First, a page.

Tuesday, March 1, 2011

Lady Gaga - Now You See Her. . . .

It's out. Lady Gaga released her video for "Born This Way" yesterday. I've watched it twice. . . only twice so far. I'll be watching it and thinking about it more over the coming days. Not surprisingly, Lady Gaga continues to make my head spin as my understanding of who she is, what she stands for, and what she hopes to accomplish continues to evolve.

Initially, the video surprised me. I really thought this would be one that took advantage of the opportunity to use every single frame to tell a more direct story that relates to the song's lyrical content and message. As she sings the now-familiar tune in the song's video treatment, it's all about dance. Sure, the dance, the costuming, and the lighting combine with other elements to tell a story. But at its core, it's a dance video. . . that is, when the music starts.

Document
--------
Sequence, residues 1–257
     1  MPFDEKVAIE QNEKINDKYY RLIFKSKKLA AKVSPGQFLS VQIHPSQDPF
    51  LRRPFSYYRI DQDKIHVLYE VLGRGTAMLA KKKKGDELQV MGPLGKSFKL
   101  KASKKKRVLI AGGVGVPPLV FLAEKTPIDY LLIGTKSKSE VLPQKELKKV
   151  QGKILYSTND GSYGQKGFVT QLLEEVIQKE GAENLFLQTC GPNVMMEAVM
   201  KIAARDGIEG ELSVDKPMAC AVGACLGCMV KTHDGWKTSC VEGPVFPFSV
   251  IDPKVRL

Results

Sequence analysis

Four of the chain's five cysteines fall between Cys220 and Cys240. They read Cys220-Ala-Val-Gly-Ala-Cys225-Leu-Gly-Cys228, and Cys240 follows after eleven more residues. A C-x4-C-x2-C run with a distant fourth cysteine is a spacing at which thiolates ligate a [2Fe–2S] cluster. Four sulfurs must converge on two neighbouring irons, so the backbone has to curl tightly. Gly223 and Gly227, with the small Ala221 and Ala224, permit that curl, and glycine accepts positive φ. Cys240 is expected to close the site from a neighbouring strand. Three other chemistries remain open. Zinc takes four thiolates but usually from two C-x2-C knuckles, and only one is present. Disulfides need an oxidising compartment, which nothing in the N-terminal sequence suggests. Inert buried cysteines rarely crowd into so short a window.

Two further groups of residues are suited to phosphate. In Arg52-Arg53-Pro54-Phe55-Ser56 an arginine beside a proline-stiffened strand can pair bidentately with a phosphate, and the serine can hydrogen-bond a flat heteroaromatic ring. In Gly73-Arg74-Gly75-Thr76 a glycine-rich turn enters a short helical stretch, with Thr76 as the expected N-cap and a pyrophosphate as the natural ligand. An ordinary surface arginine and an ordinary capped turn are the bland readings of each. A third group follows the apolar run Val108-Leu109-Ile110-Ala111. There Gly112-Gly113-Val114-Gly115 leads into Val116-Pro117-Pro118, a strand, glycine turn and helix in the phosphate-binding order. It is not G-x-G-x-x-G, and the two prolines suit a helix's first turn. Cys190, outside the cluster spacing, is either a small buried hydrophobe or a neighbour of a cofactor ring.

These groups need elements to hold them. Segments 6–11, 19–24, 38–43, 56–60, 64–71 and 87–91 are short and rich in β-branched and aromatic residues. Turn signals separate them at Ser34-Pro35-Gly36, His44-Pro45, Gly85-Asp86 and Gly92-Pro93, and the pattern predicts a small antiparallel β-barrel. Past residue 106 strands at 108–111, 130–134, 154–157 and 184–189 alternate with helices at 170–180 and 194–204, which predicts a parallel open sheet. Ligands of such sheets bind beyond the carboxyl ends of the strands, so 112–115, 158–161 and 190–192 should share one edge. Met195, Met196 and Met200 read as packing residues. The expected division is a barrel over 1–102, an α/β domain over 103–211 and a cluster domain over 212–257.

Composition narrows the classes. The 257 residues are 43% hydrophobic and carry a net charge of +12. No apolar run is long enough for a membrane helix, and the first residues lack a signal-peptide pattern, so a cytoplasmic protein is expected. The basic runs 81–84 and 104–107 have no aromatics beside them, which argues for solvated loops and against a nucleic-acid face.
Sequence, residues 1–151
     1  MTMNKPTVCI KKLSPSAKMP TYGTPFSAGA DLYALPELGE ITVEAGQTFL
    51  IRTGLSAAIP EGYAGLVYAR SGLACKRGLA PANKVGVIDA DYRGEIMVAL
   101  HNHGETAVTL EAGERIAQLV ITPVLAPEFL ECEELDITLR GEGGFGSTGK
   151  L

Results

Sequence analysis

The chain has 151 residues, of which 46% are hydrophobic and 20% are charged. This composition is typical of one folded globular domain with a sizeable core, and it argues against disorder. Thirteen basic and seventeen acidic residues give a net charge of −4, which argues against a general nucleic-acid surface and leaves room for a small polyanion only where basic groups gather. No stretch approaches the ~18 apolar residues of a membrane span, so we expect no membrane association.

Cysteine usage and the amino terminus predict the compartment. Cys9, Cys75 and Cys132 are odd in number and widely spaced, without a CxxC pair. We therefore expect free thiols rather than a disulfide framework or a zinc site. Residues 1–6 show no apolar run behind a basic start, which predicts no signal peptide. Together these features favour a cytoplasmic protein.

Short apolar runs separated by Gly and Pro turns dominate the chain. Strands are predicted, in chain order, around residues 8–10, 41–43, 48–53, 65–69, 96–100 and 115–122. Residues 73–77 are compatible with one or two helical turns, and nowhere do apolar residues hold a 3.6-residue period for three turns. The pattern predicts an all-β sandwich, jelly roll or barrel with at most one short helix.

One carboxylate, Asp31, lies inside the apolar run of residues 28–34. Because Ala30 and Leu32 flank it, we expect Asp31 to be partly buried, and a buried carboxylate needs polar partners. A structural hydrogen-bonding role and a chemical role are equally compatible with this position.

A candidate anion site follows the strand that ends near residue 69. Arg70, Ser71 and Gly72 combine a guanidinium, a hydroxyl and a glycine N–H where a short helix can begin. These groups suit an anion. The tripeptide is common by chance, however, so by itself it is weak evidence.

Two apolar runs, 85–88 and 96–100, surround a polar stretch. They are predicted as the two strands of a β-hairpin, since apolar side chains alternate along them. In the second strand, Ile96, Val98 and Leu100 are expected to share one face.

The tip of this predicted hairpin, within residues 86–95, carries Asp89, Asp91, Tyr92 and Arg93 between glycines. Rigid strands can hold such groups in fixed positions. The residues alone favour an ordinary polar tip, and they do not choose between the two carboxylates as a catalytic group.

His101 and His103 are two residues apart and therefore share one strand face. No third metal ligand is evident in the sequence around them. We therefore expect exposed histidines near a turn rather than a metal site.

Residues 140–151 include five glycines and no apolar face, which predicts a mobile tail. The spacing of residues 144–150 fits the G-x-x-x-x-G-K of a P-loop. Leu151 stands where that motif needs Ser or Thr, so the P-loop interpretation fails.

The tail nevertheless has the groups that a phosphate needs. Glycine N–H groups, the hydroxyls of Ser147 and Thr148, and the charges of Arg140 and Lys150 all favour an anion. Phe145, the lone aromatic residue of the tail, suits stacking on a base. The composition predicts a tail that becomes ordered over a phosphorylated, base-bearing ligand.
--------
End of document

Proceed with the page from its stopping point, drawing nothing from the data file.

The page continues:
Before that in a lengthy spoken intro, Lady Gaga gives us context that reveals more of who she is, her personal agenda and hopes, and what the song is all about. She tells us it's "the manifesto" of "Mother Monster" - a label that refers to her growing band of "Little Monster" minions along with an admission of her place as the leader of this almost religious-like following. The video starts and ends with the pink triangle, a symbol used in Nazi concentration camps to identify male homosexual prisoners. That symbol has since been adopted by Gays and Lesbians as a reminder of how they've been oppressed and their hope to be liberated from all oppression. In the beginning of the video, the triangle points down. By the end, it's flipped.